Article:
Tuesday, April 11, 2017

Exploring the Origins of the Designated Pass Rusher: Part IV

LOOKING BACK
John Turney

Picking up with the 1990s we see a new phenomenon, the "wave rusher". Though it had been used before, the Cowboys used rotation to help them become a top defense and Super Bowl winners and in a copycat league, other teams used it. Additionally, the NFL moved away for the 3-4 defenses as a base back to a 4-3, peaking with around 25 4-3 teams in 1995. So, often the DPR was replacing a 4-3 player rather than a 3-4 player who was often the dimensions of a defensive tackle.

In 1990 we find the top non-starting sacker to be rookie linebacker Aaron Wallace who was a hand in the dirt rusher, as was Rufus Porter. Fred Stokes, a former Rams had 7.5 sacks as the Redskins DPR.
In 1991 Raider Anthony Smith emerged as the top DPR. Smith, a huge fan of Deacon Jones, became the early 1990s version of Greg Townsend. From 1991-93 he had 36 sacks an average of 12 per season. From 1994-97, as a starter, he averaged less than half that per season.

During the same time frame Jumpy Geathers (that name again), though he didn't have big sack totals was very effective as an inside rusher for the Redskins. Dallas moved former starter Jim Jeffcoat to DPR in 1992 and he responded with 10.5 sacks. Lee Williams of the Chargers had 11 sacks, though he did get to start 5 games in 1992.
Geathers, though, in 1994, had 8 sacks, tied the most among non-starters in the NFL for the Falcons. The player he tied with was Dallas's Jeffcoat. Geathers had 7 again in 1995 which was second in the NFL among non-starters. The leader in 1995 was rookie Hugh Douglas whose 10 sacks earned him Defensive Rookie of theYear.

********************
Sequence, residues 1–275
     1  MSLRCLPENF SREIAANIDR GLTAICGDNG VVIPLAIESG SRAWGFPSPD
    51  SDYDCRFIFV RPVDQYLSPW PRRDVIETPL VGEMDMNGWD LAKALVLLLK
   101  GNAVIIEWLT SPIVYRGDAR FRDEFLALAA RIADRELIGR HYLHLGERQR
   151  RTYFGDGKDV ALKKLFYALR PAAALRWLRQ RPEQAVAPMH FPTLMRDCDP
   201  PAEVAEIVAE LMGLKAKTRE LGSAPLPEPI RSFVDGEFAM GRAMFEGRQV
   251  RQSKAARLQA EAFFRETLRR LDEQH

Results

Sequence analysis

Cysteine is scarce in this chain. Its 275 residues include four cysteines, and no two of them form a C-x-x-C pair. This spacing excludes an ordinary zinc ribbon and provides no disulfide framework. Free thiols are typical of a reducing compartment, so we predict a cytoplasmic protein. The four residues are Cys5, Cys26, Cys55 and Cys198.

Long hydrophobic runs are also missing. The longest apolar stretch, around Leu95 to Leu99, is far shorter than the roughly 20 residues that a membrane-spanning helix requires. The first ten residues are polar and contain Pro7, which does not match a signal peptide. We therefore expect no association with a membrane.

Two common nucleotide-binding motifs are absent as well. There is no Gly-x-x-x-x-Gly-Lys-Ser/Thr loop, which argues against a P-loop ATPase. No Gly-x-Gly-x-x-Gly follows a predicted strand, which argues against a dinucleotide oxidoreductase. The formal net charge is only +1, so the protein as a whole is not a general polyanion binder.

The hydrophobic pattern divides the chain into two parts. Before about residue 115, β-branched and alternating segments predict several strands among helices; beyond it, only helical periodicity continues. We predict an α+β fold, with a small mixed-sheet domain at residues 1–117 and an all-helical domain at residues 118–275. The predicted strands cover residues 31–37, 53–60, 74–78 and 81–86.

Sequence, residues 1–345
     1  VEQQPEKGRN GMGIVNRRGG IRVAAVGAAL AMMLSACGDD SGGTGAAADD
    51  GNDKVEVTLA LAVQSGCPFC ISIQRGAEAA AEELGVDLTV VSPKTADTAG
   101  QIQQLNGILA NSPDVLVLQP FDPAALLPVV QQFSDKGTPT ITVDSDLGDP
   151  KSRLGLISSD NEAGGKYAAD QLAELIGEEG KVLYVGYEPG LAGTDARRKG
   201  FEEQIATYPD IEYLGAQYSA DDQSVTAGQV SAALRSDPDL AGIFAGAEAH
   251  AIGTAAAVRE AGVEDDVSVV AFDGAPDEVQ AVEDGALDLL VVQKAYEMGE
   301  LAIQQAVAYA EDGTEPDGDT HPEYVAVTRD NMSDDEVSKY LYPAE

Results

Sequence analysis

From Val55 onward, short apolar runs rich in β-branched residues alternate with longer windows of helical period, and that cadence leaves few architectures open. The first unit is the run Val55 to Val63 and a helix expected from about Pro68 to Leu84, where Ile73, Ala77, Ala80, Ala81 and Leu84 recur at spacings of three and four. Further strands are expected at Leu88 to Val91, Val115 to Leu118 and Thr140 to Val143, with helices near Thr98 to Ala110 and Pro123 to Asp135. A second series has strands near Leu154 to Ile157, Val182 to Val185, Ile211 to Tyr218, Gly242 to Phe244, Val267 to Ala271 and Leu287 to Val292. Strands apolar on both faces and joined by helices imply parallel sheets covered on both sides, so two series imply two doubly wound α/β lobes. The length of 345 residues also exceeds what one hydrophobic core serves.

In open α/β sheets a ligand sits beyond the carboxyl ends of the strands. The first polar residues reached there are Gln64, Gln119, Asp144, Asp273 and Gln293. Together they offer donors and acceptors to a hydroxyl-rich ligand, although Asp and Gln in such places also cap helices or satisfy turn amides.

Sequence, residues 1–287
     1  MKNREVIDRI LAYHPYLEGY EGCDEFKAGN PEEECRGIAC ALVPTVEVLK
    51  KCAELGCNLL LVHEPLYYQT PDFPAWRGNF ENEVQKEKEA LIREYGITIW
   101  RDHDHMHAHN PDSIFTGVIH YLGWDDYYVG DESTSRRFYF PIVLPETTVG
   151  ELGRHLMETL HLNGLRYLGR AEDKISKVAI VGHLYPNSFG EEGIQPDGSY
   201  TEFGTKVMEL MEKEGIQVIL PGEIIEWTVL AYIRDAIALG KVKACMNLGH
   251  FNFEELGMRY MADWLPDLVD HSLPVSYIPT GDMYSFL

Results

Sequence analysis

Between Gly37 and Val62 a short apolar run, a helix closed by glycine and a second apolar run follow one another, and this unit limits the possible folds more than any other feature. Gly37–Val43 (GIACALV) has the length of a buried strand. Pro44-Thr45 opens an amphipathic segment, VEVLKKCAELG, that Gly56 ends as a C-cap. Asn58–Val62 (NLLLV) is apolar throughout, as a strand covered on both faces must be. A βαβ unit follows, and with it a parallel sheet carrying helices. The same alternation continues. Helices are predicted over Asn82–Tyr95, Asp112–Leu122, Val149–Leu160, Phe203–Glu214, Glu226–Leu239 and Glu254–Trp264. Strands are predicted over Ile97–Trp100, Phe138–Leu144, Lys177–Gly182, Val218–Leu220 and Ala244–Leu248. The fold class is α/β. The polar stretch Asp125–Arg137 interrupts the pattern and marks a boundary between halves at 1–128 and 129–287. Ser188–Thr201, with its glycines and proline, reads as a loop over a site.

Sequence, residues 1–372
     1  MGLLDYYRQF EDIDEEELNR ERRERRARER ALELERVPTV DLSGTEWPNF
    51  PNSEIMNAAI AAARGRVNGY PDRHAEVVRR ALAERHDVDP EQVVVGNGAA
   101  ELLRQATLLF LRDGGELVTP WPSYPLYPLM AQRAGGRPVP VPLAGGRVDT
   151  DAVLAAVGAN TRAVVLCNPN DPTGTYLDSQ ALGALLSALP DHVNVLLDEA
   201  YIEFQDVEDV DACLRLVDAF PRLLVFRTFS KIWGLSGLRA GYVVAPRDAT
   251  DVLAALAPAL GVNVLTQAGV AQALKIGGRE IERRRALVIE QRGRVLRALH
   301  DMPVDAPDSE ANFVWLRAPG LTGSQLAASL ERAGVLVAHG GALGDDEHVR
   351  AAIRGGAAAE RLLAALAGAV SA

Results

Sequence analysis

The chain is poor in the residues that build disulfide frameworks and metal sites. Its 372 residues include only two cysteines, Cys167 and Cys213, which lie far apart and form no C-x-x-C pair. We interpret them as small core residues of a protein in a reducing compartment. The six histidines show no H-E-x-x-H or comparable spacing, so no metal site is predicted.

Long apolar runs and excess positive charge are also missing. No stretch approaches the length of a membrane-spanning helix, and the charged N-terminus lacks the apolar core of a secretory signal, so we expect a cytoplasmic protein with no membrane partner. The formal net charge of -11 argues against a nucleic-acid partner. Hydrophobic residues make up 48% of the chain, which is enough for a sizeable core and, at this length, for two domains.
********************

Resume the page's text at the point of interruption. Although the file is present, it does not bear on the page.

In 1996 the rookie stud was Tony Brackens who had 7 sacks in the DPR role, often as a standup LBer who'd pick his hole, and other times as a traditional hand-in the dirt DE. Brackens got a lot of playing time and was very adept at making key plays, in 1995-96 in addition to his 14.0 sacks he deflected 16 passes, forced 10 fumbles and recovered four. Today, Jon Gruden may refer to his role as a "Joker" player, one who fills a variety of positions in a scheme.

Also in 1996, future HOFer Richard Dent had 6.5 sacks for the Colts as a DPR, and ancient Clay Matthews was a nickel RDE for the Falcons and also had 6.5 sacks. Geathers (now for Denver) and Jeffcoat both had 5 sacks, this time though, Jeffcoat was with Buffalo who signed him specifically as a third down rusher in 1995.

The following season the 49ers signed Kevin Greene away from the Panthers to play their "Elephant role" and he had 10.5 sacks in a non-starting role. Brackens duplicated his 1996 performance with 7 sacks.

In 1998 veteran Trace Armstrong didn't start any games and he posted 10.5 sacks in Miami's nickel (sub) defense. Teammate Lorenzo Bromell was right behind him with 8 and he tied with Green Bay's Keith McKenzie.

In 1999 McKenzie edged Armstrong with 8 to the former's 7.5, Another notable DPR is Clyde Simmons who had 7 sacks as the Bengals DPR. Simmons was a long-time starter who like so many played a part-time role in his twilight seasons.
Continue with Part V:

No comments:

Post a Comment